The revelations about the role of Britain’s biggest bank in seemingly helping wealthy individuals avoid and potentially evade tax have shocked us all.
The Public Accounts Committee first raised the so-called Falciani list – the leaked names of 130,000 potential tax evaders using the Geneva branch of HSBC – with HMRC in July. HMRC admitted that although it had received a list of almost 7,000 names as long ago as May 2010, it had so far recouped only £130m and prosecuted just one individual.
We thought this was pathetic. The French and Spanish tax authorities had half the number of names handed to them and yet have recouped £200m and £180m respectively. HMRC’s line is that it focuses on recovering tax owed rather than prosecuting the offenders, but would you let a bankrobber go free in exchange for returning the money they had stolen? And while getting the money in is crucial, so is deterrence. If people can get away with it as long as they cough up, tax avoidance or even evasion is worth the risk.
Furthermore, HMRC has serious questions to answer about why it did not investigate at the time what role HSBC itself had played. There are very few reasons to have an undisclosed offshore bank account except to get out of paying tax. The very existence of all these accounts was a red flag that HSBC may at least be guilty of turning a blind eye. France, Belgium and Argentina are all prosecuting the bank and in America it is being investigated by the Department of Justice.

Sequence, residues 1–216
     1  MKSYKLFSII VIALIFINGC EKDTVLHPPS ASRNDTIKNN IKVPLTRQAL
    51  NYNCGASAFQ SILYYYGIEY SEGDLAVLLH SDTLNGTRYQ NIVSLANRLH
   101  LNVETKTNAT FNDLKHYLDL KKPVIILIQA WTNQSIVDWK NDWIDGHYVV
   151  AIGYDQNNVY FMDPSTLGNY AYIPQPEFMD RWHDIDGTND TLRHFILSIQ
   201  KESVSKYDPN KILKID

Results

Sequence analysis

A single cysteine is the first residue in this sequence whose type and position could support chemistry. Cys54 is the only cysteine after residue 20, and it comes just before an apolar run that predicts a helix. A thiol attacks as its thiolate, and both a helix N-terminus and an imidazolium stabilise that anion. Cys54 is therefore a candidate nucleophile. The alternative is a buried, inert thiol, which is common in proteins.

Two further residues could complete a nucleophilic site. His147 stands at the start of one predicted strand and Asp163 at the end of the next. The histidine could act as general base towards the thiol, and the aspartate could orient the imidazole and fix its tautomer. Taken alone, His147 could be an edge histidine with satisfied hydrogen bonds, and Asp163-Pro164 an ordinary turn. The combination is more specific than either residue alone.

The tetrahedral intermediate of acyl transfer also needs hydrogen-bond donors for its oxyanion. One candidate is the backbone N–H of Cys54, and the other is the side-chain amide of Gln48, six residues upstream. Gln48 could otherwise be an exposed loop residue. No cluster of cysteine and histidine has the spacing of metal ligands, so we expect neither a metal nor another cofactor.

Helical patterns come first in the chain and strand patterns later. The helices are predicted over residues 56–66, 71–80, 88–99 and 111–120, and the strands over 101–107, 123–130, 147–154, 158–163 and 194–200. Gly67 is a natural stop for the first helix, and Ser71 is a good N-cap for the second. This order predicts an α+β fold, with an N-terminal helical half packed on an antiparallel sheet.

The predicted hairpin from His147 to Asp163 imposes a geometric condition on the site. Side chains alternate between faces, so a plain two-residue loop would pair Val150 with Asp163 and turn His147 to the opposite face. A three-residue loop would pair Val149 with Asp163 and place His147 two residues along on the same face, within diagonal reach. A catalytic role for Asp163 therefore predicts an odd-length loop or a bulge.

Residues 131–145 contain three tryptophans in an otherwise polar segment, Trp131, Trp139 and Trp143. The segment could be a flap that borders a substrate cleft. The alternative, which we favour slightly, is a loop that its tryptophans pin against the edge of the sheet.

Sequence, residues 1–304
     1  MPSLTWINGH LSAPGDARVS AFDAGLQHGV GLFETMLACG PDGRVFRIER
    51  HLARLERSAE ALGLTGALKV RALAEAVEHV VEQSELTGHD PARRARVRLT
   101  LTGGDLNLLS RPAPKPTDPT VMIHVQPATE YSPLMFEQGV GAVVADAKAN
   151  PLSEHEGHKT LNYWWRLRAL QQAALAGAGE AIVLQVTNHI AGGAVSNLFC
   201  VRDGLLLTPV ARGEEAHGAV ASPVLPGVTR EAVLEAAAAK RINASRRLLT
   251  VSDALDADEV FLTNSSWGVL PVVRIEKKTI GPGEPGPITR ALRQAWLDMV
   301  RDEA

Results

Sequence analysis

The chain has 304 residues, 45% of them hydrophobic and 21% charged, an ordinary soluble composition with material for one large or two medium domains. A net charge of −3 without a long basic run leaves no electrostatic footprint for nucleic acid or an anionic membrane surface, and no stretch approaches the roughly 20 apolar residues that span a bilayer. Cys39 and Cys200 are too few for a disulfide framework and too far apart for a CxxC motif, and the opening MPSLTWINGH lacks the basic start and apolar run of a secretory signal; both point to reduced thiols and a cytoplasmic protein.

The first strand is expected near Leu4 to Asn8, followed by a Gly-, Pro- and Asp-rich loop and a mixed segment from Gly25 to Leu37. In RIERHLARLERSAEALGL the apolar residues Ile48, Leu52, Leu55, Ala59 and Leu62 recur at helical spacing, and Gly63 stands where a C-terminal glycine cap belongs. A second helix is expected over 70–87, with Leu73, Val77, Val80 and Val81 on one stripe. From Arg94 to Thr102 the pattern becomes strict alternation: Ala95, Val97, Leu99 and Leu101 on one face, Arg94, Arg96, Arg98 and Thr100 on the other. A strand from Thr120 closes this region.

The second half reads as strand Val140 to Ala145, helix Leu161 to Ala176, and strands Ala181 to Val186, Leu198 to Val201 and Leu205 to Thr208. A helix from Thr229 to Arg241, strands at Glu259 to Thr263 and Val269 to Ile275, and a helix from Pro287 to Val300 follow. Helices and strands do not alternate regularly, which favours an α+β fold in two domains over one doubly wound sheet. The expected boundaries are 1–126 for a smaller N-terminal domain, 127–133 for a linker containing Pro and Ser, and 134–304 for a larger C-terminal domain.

The documents revealed by Panorama, the Guardian and others this week offer strong evidence that, far from an innocent bystander, HSBC actively encouraged and helped its clients to dodge tax. In one particularly scandalous case, HSBC appears to have given the millionaire director of Stoke City Football Club and members of his family a credit card to access cash abroad from what the bankers knew was an undeclared Swiss bank account containing almost $2m.
These leaked files further expose a secretive industry serving a global elite. Compare the way these wealthy tax cheats are treated with the so-called benefit “scroungers” who are aggressively pursued through the UK courts.
Even if our tax authorities are prepared to let HSBC off the hook, we on the Public Accounts Committee are not. The bank must be held to account for its actions. That is why we are launching an urgent inquiry into tax practices at HSBC, and we will expect them to answer for their role in cheating the public purse out of hundreds of millions of pounds.
Margaret Hodge is chair of the Public Accounts Committee and Labour MP for Barking